Every kind of pants in the 90s made you look like you were wearing diapers. I think leggings had a little less elastic then, plus most of the ones we had were stirrup leggings. Yeah. In the 90s, stirrups weren’t just for horseback riding and your gyno’s office. So, pants were well secured at the waist and ankles, and kind of saggy and sad in between. On our feet? Keds.

Hair

Myth:

Our hair fell in long, devil-may-care waves and curls, kind of like Lorde.

Reality:

Those big 80s bangs didn’t really die until the mid-90s. We didn’t wear loose waves, we wore spiral perms. If you wanted to look really polished, you probably had The Rachel, and if you wanted to look really professional, you had Princess Diana’s haircut. In the late 90s, we didn’t wear long, subtle side bangs like all of you kids. We had light fringes that we painstakingly curled under with round brushes, so your forehead was under a protective hair-dome. There was a lot of half-up, half-down happening. Lots of claw clips. Scrunchies. Seasonal scrunchies, classy scrunchies, denim scrunchies. One of the first times I remember getting a big laugh in a crowded room, I was about 5 and was making up a commercial for scrunchies at Thanksgiving with my extended fam. “Scrunchies! Because real bracelets are for snobs! Scrunchies! Because you could put it in your hair later, maybe!” (See, the whole thing with scrunchies was that they just ended up on everyone’s wrists).

Businesswear

Myth:

The woman of the 90s wore a lot of power pieces – be it menswear-inspired suspenders, or tiny suits a la Ally McBeal.

Reality:

The woman of the 90s wore a lot of shoulder pads – it wasn’t just the 80s. She’s also responsible for that thing where you wear big, ugly sneakers with business clothes in order to go power walking. 90s women wore a ton of horrible flat-front khakis. The Adult Jumper was going strong, and not just for teachers.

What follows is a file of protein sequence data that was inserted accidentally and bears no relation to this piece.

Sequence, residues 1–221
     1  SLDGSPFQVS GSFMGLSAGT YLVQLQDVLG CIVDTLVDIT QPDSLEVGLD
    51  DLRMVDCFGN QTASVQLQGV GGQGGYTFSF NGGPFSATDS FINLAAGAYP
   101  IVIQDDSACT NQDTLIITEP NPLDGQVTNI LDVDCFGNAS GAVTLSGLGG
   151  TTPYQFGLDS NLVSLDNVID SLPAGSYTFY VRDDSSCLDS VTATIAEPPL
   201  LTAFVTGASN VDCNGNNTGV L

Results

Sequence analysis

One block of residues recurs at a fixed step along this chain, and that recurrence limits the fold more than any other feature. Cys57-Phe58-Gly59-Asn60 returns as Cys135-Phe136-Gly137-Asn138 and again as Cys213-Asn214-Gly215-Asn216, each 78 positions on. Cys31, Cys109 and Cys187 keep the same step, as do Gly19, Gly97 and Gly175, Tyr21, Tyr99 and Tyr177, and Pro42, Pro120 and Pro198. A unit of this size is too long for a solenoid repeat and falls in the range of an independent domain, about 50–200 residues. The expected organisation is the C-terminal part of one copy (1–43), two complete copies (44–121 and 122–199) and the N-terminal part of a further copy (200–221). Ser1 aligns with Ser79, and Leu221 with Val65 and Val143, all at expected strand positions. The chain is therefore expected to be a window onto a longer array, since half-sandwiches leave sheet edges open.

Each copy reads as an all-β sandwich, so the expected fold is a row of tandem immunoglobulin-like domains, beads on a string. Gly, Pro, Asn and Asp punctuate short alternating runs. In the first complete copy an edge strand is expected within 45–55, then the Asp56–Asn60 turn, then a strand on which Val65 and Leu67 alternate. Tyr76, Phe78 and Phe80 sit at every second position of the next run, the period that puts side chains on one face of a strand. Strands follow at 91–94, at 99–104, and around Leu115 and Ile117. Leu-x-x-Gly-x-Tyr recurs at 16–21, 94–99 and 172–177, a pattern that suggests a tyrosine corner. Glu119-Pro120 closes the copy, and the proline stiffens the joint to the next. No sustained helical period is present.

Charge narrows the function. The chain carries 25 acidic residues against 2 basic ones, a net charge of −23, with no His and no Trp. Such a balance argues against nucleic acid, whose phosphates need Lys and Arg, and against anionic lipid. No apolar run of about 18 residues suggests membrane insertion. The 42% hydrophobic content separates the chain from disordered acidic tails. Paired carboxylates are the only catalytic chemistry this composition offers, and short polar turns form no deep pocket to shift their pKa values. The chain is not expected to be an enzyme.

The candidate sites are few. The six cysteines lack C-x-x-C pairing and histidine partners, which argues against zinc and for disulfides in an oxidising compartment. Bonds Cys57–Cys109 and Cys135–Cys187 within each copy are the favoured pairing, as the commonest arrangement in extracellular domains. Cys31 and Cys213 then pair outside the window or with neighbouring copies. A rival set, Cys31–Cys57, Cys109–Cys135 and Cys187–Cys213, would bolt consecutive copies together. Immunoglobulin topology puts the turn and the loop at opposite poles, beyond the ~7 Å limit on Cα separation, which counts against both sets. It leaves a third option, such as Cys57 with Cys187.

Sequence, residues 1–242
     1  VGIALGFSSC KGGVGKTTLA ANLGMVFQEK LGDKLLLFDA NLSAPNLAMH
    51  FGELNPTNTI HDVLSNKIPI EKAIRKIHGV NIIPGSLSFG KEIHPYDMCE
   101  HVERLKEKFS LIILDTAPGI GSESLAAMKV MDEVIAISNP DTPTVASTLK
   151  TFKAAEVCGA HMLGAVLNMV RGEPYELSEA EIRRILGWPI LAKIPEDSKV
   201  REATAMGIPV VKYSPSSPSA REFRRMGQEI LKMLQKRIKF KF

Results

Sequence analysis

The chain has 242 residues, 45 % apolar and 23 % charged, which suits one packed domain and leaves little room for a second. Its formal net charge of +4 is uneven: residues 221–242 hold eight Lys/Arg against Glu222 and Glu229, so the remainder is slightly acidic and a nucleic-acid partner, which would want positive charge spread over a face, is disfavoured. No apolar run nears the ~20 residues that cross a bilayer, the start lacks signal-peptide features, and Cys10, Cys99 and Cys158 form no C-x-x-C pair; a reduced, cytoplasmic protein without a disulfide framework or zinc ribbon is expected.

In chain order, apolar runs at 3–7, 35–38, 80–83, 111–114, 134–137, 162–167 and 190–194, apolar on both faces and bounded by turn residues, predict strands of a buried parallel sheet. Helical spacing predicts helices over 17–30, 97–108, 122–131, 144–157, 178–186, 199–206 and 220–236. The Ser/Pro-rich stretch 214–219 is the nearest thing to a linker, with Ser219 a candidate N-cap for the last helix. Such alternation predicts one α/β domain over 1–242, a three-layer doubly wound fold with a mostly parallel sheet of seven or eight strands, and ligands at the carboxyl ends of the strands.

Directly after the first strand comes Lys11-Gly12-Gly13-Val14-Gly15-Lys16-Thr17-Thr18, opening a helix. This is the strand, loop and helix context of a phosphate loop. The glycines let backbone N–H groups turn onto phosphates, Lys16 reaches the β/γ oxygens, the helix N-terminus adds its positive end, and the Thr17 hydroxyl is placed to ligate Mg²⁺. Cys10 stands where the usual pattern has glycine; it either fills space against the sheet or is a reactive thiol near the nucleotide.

Neon

Myth:

Totally radical!

Reality:

Totally dopey.

Riot Grrl

Myth:

We wore baby doll dresses as a subtle critique of the infatilization of adult women – ditto for those baby barrettes. These were paired with heavy, down-to-business boots. Zines as far as the eye can see.

Reality:

Sure. We all wore baby doll dresses with baby barrettes and boots — because Stephanie Tanner did. I’m sure it was different if you were in high school or college, but if you were a kid in the 90s you probably weren’t wearing these fashions to fight the patriarchy with Kathleen Hanna and Courtney Love. You just wanted to look like people on TV.

Music

Myth:

While we wore our sweet tumblr-y fashions, we listened to the latest indie tunes from mix tapes that we ordered from the back of a zine.

Reality:

Celine Dion. Natalie Merchant. A lot of pseudo-intellectualism: “tell me all your thoughts on God,” e.g. Harmonicas without irony. Actually, everything without irony. That’s what separates real 90s style from the (admittedly better) 2010s revival, and the best thing about the decade: we really, earnestly meant all of this.

Is this for a Tween or just Fashion Forward?

I am an adult.

I am an adult who has tween like tendencies.

I am an adult tween.

Sometimes when I’m shopping, I just can’t help myself from veering into the Juniors section because there is some legit cute stuff there. But in the crazyness of the shopping haze, I don’t realize it until a week later when I wear said purchased items out that I realize I might be too old to wear it.

My latest conundrum comes into the form of this sweater, purchased at Kohl’s (which has the ultimate Juniors black hole of clothes).2013-03-01 15.26.30

Here is Pretty Little Liars star Ashley Benson wearing a similar, yet much more expensive ($229 at Wildfox Couture) version on TV. She plays a teenager.

stop cramping my style, bitches -A

However, here is Dr. Mindy Lahiri on The Mindy Project wearing the same sweater in a different color and still looking cool.

BTW, watch The Mindy Project. It’s good.

This is the constant struggle in my life, and I can’t believe it’s actually a big enough problem that I felt like I needed to address it on the inernets. But I can’t be the only one, right? Ugh, being a girl.